New York

Victor Burgin

Christine Burgin Gallery

In Design and Crime (and Other Diatribes) (2002), Hal Foster argues that design has taken over every aspect of industrialized society. Yet Victor Burgin’s recent video, The Little House, 2005, points out that even in earlier eras design was linked to everything from natural urges and social constructs to sexual desire to the creation of narrative.

At Christine Burgin Gallery, a large box functioned as a small theater for viewing Burgin’s work, which is based on a panning shot of the interior and garden of a 1922 Rudolph Schindler house in Los Angeles. The images are accompanied by narration excerpted from a text by eighteenth-century writer Jean-François de Bastide (a recent translation of which was published as The Little House: An Architectural Seduction in 1996). Bastide’s La Petite Maison, which was conceived in collaboration with “architectural educator” Jacques-François Blondel, combines the form of the erotic novella with that of an architectural treatise to create a titillating but educational brochure for prospective homeowners. In the story, the wealthy, conniving Marquis de Trémicour makes a wager with the bookish Mélite that she will succumb to him after seeing his petite maison, an architectural form that everyone else in Paris, save Mélite, knows is actually a large, opulent house “contrived for love”—more precisely, clandestine sexual encounters.

Burgin’s work leads naturally back to Bastide’s text, a fascinating document that draws comparisons to Choderlos de Laclos’s Les Liaisons dangereuses (1782) and de Sade’s La Philosophie dans le boudoir (1795), as well as Roland Barthes’s lesson on the techniques of narrative seduction in S/Z (1970). The maison is the stage for seduction, although the supposedly uncontrived style of the design is repeatedly emphasized in exteriors that, according to Bastide, “owed more to nature than to art.” Bastide’s descriptions are the textual equivalent of an effective photo spread, detailing Rococo interiors full of painted panels and opulent fabrics, a dining room with a mechanical table, and a bathroom with exciting technological innovations such as a flushing toilet. Language and seduction go hand in hand; descriptions of the house are like a striptease in which the body is revealed in strategic increments. Names of eminent artists and craftsman (François Boucher, Nicolas Pineau, Jean-Baptiste Pierre, Françoise Gilot, Pierre-Bertrand Dandrillon) are sprinkled throughout the text, and every time Trémicour moves in on Mélite, a description of yet another design confection interferes.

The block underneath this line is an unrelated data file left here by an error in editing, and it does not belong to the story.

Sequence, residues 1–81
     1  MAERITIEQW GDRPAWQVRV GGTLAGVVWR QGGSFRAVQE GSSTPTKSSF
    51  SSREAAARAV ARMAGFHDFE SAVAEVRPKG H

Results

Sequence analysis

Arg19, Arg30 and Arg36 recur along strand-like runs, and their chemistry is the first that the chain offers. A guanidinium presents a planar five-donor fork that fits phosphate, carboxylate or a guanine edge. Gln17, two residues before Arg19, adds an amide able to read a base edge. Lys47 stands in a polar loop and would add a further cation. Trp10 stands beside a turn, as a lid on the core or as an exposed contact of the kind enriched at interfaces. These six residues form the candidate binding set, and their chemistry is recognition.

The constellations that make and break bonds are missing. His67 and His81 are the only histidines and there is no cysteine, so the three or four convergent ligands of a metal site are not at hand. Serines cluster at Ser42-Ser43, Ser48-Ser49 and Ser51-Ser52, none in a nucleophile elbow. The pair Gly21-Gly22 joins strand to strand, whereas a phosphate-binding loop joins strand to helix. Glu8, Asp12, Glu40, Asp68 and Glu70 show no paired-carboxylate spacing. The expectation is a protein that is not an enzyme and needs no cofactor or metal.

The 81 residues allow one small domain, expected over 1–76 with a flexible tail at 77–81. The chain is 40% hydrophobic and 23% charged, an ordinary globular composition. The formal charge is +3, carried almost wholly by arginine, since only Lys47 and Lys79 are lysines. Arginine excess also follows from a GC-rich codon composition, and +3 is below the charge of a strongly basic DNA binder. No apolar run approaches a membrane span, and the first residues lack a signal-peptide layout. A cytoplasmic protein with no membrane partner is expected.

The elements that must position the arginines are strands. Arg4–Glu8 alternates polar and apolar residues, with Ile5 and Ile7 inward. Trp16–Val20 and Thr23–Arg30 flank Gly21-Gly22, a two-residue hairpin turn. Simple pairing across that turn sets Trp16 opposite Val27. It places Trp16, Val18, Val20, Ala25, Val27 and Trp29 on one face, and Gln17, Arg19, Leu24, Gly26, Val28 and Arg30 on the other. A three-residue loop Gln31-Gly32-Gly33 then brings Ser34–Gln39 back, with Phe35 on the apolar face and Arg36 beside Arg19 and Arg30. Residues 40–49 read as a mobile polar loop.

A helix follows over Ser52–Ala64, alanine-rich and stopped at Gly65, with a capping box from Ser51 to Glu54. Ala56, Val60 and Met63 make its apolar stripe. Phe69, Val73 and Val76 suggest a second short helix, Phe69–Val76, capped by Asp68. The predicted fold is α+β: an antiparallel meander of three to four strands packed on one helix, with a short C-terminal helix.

Juxtaposing descriptions of lush eighteenth-century interiors with images of Schindler’s stark, empty interiors and gardens, Burgin highlights Anthony Vidler’s claims in the preface to La Petite Maison’s recent translation that there was “little room for the secret and arousing chambers of desire in the cool and transparent environments of modernism.” But Burgin adds a third element in the form of a beautiful young Asian woman who appears occasionally, reading silently from a little red book. This reference to Mao functions, perhaps, as a Fosterian critique of design’s potential for mass social seduction.

The power of design, for both Bastide and Burgin, resides in its apparent democracy and globalism. Anyone with money might be educated into the haute consuming classes, just as the garden in Schindler’s California house looks as if it could be anywhere, the south of France or LA. But what in Burgin’s hands could have prompted a sterile academic exercise has, instead, happily resulted in a richly detailed and highly stimulating journey through history and materialism, the point of which is that Mélite is far from design’s only victim; as a culture, we’ve long since been collectively seduced.

Martha Schwendener